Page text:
But back to the spaghetti. In between licking the leftover muffin batter from the bowl, and trying out my homemade green tomato chutney from the back of the fridge (she confesses to being a snacker, hence the section in the book on snacks and sandwiches, which includes a family favourite, hummus and Marmite on toasted bagel), McCartney cuts a courgette into thin slices lengthways and puts them in the pan with the oil, garlic and herbs. She says she doesn’t use many gadgets and doesn’t have a microwave. 'The one I do use a lot is my oven thermometer,’ she says. 'How are the muffins?’ I open the oven. 'They look like muffins!’ she says, laughing. 'How exciting! Can you imagine how mortified I would have been if they hadn’t worked?’
McCartney likes to eat as much as she likes to cook. As we sit down to eat, she recalls that growing up in the 1970s as a vegetarian was quite an alien thing. 'None of my friends was vegetarian. It felt like we were a different sect of people.’ Her mum was vociferous in her campaigning about animal welfare. 'She was so passionate about it.’ McCartney’s approach is much gentler and less confrontational, though she is worried about the environmental impact of beef farming and the increasing industrialisation of meat production. She doesn’t eat fish either, for the same reasons. But fundamentally, she hopes people will simply use her book because they like food. 'Seeing clean plates is the most satisfying thing,’ she says. 'I love it. I’m really glad I did it. It looks like a proper cookbook!’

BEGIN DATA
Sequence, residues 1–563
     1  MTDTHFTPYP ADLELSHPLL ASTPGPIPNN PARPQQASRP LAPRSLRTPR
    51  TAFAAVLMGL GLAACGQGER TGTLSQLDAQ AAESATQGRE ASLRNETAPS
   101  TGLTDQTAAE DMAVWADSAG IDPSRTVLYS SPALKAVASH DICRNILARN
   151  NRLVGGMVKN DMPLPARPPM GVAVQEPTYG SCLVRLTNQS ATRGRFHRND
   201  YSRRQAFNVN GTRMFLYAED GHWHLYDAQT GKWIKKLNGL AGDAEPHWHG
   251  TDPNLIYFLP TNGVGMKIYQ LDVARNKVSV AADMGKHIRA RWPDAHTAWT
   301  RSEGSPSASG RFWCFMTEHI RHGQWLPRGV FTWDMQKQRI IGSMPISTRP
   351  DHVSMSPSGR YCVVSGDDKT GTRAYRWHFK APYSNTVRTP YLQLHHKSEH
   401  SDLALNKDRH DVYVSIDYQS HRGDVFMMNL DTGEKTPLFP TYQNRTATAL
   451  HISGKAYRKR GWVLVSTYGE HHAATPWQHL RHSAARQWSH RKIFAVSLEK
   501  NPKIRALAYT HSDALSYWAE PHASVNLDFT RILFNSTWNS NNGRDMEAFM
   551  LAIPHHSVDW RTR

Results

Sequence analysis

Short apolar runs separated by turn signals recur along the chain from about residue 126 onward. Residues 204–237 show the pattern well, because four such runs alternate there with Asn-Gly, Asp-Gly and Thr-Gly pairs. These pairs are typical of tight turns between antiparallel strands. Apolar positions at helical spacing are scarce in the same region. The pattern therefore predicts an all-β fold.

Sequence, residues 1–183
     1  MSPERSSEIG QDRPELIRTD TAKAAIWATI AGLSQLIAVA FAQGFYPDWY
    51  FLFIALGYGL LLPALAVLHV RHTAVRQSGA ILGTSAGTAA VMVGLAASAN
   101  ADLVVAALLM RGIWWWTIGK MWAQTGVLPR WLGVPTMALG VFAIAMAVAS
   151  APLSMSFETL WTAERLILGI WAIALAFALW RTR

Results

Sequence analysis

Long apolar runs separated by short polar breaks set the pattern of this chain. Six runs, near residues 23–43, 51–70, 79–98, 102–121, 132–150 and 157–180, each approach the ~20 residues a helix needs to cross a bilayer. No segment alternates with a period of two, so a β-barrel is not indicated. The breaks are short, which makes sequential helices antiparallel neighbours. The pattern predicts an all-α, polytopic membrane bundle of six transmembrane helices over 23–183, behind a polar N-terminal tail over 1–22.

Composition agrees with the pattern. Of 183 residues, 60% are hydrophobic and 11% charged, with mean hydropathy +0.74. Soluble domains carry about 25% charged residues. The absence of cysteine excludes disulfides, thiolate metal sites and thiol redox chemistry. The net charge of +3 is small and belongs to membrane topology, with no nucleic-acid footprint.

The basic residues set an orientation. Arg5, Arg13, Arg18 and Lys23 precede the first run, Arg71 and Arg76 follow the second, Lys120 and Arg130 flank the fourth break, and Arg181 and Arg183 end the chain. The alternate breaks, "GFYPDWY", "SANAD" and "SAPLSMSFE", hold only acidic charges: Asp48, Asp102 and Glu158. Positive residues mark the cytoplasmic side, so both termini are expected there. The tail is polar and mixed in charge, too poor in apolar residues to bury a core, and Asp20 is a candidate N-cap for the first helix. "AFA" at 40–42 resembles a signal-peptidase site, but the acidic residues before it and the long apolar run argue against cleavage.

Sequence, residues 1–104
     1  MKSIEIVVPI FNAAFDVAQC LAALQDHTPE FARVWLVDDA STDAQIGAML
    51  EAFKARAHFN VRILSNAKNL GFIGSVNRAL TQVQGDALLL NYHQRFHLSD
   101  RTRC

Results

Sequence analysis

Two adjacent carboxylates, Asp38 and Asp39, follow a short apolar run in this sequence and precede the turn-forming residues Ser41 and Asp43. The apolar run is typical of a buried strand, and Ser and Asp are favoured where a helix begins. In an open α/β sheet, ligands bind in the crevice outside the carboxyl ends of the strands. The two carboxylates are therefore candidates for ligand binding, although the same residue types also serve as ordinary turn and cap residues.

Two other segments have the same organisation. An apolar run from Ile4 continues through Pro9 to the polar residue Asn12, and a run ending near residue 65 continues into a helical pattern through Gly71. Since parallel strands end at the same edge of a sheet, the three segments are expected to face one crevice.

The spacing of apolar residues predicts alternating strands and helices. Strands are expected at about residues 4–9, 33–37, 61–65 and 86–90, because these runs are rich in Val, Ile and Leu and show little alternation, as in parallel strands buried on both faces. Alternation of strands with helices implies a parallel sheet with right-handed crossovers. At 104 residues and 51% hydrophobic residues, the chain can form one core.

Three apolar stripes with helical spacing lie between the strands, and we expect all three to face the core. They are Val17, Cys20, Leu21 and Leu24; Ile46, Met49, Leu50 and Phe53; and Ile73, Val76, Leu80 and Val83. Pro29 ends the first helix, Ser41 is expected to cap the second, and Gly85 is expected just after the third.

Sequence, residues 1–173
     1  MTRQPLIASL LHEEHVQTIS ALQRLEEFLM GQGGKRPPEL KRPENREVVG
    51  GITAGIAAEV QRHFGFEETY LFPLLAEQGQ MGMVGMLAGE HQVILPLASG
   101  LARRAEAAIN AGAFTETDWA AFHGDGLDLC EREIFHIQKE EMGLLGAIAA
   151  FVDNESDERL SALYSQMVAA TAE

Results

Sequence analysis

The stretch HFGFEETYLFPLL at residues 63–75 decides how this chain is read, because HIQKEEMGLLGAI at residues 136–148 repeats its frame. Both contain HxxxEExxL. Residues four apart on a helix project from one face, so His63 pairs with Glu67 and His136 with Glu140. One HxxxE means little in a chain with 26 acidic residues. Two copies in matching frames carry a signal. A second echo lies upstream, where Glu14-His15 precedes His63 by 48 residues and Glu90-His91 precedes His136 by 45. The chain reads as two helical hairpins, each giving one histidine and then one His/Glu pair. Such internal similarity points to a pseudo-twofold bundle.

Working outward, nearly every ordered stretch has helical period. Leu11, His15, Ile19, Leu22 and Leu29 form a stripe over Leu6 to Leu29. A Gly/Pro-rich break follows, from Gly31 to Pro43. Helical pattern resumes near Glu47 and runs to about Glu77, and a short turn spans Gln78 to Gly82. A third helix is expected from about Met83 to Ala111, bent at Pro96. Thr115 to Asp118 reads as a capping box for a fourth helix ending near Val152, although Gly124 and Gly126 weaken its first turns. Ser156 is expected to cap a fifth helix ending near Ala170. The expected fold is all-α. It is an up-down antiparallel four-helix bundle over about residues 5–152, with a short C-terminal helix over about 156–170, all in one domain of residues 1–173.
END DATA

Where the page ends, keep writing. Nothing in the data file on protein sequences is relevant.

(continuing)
'Food’ by Mary McCartney (Chatto & Windus) is available from Telegraph Books for £18 plus £1.25 p&p (0844-871 1515; books.telegraph.co.uk). Mary McCartney will be in conversation with Sophie Dahl at Words in the Park Festival in Holland Park, London on May 18 (0300-999 1000; wayswithwords.co.uk)